9. Lemex
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    Lemex That's Lord Lemex to you. Contributor

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    I don't have any tricks. I don't need them.
     
  10. mg357
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    mg357 Active Member

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    I don't have any tricks to help keep me writing i just have a certain schedule for my writings. For example i have a health treatment that takes to hours every night so i use that time to write. I do my editing and revising work on the weekends because there is nothing that i like to watch on t.v. during the weekend, everything that i like to watch is on during the week.
     
  11. Cogito
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    Cogito Former Mod, Retired Supporter Contributor

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    There's no trick to developing solid work habits.
     
  12. JJ_Maxx
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    JJ_Maxx Banned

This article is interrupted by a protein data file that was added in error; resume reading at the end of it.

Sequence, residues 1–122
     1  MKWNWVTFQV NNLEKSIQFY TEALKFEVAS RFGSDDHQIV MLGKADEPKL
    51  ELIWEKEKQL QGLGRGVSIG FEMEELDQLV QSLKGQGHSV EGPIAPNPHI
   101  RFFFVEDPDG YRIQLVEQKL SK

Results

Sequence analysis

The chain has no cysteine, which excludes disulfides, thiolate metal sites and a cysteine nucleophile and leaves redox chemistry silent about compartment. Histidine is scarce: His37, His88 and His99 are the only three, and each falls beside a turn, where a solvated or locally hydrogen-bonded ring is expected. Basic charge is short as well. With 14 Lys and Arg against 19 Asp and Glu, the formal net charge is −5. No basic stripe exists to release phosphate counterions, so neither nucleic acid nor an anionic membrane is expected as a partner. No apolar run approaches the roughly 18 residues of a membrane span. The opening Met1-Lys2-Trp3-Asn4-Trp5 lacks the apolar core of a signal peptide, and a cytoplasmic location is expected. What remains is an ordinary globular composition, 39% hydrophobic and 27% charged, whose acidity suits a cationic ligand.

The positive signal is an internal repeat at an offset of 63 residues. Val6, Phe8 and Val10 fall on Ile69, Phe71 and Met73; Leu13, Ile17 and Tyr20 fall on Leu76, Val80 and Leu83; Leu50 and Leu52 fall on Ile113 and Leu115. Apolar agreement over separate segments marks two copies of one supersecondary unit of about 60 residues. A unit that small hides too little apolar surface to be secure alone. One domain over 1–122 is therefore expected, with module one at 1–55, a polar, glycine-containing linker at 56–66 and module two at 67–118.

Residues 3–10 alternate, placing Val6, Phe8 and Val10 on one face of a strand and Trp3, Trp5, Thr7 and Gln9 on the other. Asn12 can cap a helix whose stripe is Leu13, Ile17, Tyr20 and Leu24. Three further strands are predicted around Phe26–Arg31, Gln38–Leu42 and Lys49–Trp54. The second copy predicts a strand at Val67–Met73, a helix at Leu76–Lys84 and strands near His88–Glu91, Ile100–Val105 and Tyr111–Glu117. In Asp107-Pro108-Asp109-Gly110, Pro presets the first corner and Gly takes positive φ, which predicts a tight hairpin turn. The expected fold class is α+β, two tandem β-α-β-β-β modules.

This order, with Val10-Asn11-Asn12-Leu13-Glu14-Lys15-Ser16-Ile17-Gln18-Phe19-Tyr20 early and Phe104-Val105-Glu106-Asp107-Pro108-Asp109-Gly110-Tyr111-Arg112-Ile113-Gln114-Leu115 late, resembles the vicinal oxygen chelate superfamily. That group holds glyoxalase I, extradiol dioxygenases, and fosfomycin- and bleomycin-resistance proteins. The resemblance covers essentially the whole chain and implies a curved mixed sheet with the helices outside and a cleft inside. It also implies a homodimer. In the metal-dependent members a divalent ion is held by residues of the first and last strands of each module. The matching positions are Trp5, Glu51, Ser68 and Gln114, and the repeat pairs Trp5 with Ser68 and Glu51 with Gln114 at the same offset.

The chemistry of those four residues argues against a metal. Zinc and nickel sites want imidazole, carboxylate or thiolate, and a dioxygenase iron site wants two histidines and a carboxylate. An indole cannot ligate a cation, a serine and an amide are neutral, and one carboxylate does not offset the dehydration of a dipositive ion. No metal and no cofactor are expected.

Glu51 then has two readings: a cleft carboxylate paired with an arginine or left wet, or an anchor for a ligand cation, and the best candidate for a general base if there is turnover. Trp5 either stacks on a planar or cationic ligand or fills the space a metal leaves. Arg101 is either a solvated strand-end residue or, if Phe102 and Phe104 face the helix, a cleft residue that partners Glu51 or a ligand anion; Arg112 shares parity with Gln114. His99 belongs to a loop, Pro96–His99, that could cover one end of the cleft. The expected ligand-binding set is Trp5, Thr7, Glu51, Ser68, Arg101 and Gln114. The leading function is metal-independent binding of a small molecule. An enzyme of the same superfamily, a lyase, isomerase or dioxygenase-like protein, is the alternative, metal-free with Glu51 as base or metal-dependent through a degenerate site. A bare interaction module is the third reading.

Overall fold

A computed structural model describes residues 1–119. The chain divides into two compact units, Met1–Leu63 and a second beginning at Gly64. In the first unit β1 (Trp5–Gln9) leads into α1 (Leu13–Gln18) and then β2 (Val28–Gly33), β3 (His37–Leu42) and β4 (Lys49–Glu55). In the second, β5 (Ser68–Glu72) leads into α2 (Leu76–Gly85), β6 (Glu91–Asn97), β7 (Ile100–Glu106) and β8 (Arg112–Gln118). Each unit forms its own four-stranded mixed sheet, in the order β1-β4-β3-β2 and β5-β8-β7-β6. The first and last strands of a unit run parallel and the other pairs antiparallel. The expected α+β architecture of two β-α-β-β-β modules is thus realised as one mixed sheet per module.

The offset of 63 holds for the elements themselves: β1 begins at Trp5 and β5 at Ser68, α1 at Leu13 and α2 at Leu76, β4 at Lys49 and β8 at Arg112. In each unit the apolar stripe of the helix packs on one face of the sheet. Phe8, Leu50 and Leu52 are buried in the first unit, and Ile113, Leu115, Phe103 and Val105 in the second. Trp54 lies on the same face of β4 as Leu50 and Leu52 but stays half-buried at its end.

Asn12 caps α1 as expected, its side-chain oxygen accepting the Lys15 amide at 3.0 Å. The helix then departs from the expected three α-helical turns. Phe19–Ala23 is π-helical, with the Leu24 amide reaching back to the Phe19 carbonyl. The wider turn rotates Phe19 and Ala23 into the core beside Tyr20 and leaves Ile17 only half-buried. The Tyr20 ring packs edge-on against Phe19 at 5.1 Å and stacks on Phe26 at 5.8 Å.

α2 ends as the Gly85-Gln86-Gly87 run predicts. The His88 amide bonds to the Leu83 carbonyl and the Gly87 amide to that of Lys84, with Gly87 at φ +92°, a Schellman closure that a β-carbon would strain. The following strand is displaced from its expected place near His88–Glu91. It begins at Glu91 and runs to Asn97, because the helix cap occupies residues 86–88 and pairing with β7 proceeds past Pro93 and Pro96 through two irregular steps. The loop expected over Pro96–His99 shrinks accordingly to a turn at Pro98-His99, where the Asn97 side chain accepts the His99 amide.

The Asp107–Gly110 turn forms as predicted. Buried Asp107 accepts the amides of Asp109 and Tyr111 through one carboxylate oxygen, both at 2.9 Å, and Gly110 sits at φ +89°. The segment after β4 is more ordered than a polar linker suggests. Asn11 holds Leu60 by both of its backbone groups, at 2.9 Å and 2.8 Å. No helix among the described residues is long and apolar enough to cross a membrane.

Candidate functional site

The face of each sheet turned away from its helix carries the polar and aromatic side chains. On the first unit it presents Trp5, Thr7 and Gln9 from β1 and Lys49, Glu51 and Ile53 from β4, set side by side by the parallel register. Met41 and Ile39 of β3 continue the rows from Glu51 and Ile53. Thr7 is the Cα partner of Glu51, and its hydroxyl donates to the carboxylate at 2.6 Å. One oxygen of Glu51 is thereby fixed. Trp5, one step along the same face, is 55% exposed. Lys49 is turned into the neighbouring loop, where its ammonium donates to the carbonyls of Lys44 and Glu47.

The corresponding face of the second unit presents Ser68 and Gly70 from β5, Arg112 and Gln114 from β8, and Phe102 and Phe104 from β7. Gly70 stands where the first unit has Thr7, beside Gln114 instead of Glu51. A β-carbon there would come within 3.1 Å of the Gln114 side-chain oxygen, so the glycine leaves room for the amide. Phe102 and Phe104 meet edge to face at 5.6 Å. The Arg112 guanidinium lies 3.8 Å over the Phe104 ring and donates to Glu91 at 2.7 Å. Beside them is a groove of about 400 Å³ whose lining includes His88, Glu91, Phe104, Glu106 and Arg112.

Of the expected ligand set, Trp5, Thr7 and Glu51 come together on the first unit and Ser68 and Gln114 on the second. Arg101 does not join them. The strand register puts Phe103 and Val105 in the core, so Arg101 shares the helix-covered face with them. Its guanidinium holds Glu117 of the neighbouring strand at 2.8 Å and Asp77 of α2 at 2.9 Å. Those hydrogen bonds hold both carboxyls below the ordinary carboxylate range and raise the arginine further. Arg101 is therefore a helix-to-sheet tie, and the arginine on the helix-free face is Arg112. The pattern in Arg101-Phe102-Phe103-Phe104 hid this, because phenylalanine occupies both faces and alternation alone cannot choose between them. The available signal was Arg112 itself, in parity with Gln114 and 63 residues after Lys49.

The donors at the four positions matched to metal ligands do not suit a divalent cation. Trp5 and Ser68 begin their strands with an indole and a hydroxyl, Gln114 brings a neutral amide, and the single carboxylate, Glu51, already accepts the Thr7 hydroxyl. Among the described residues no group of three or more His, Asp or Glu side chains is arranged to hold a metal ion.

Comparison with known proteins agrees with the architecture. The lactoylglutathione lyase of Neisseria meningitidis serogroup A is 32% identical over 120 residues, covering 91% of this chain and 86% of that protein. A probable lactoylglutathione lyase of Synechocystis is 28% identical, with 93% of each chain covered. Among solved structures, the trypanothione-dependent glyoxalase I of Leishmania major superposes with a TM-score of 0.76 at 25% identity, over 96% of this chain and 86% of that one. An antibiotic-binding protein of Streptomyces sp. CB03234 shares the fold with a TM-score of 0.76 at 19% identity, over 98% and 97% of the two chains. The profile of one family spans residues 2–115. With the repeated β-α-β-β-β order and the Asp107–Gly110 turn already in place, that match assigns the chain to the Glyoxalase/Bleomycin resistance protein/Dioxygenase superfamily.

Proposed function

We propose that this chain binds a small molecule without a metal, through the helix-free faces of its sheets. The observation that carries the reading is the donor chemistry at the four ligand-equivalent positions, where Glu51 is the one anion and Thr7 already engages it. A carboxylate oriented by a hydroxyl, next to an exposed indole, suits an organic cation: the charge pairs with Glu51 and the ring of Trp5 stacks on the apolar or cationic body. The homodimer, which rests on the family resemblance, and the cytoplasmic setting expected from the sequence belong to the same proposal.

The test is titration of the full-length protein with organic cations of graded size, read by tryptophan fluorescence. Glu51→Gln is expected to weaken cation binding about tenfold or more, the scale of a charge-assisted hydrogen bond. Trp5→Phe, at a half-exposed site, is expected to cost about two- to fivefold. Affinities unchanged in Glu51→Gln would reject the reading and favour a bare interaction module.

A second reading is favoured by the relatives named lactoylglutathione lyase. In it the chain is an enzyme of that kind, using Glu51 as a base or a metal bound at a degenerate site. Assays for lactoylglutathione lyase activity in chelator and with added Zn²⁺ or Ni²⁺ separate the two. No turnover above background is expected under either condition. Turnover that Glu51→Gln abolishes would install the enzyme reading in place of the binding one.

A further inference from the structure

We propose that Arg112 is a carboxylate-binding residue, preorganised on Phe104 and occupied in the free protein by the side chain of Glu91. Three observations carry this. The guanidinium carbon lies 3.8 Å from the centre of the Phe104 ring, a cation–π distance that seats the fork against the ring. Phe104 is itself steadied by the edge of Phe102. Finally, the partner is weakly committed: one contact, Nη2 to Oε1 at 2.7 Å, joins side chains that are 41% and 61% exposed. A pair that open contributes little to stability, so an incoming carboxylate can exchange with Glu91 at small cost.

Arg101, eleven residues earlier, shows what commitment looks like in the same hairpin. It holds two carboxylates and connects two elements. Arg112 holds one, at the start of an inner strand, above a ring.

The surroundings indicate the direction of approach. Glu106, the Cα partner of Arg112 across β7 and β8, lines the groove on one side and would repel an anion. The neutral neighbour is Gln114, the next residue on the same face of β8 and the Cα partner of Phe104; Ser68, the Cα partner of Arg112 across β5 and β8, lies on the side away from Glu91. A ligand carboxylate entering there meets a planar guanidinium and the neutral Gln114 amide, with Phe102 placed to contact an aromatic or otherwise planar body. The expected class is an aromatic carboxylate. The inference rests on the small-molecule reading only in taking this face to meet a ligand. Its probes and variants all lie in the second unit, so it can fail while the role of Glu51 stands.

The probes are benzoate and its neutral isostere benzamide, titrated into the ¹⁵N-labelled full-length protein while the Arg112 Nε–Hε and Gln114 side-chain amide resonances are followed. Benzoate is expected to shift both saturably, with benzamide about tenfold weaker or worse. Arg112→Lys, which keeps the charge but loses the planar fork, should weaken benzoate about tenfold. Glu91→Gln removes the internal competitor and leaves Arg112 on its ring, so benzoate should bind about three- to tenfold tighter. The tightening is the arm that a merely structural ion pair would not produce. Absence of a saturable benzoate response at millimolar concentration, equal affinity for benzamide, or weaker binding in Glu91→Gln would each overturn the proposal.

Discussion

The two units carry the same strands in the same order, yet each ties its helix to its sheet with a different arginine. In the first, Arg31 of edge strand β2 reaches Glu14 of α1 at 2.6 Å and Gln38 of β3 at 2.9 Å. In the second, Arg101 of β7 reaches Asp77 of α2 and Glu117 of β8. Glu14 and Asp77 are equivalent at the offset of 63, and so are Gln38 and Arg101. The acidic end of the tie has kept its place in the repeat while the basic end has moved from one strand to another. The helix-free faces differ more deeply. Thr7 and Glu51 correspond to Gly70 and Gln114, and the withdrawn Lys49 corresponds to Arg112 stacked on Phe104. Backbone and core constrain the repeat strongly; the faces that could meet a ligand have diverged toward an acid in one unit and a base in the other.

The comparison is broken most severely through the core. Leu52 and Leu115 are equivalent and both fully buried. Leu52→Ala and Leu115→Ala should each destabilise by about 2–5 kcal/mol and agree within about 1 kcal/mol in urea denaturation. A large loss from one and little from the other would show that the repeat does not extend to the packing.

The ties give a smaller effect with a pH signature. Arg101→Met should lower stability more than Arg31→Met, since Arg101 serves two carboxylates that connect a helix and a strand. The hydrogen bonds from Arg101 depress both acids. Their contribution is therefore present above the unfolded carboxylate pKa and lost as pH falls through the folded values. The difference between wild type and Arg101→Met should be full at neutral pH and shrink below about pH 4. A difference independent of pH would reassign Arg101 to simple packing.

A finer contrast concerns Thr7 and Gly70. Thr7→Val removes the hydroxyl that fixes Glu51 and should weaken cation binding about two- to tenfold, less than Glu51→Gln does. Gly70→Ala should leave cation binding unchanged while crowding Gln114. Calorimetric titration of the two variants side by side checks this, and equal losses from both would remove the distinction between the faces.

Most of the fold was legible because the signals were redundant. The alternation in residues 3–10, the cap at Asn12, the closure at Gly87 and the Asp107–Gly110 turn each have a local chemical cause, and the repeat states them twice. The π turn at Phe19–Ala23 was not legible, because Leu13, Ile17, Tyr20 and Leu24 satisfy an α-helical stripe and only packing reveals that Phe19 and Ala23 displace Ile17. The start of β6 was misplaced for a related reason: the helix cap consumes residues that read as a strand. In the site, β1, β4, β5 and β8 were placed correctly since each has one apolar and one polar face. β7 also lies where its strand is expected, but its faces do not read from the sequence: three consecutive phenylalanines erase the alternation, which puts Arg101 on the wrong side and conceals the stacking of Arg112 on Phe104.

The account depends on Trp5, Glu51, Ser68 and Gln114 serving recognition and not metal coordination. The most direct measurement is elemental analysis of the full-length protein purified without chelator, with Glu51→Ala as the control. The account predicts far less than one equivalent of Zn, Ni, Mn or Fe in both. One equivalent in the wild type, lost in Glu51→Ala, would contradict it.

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    Luckily for me, writing is just a hobby so I write when inspiration strikes. I still look for inspiration wherever I can find it, though. The writing contest usually gets me motivated.
     
  13. DeathandGrim
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    DeathandGrim Contributing Member

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    I've been writing since I was 7 years old so if I stop writing it would piss me off

    And to be perfectly honest I enact the scenes I'm writing with full voice work and motion, its a thrill !
     
  14. Talmay
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    Talmay Member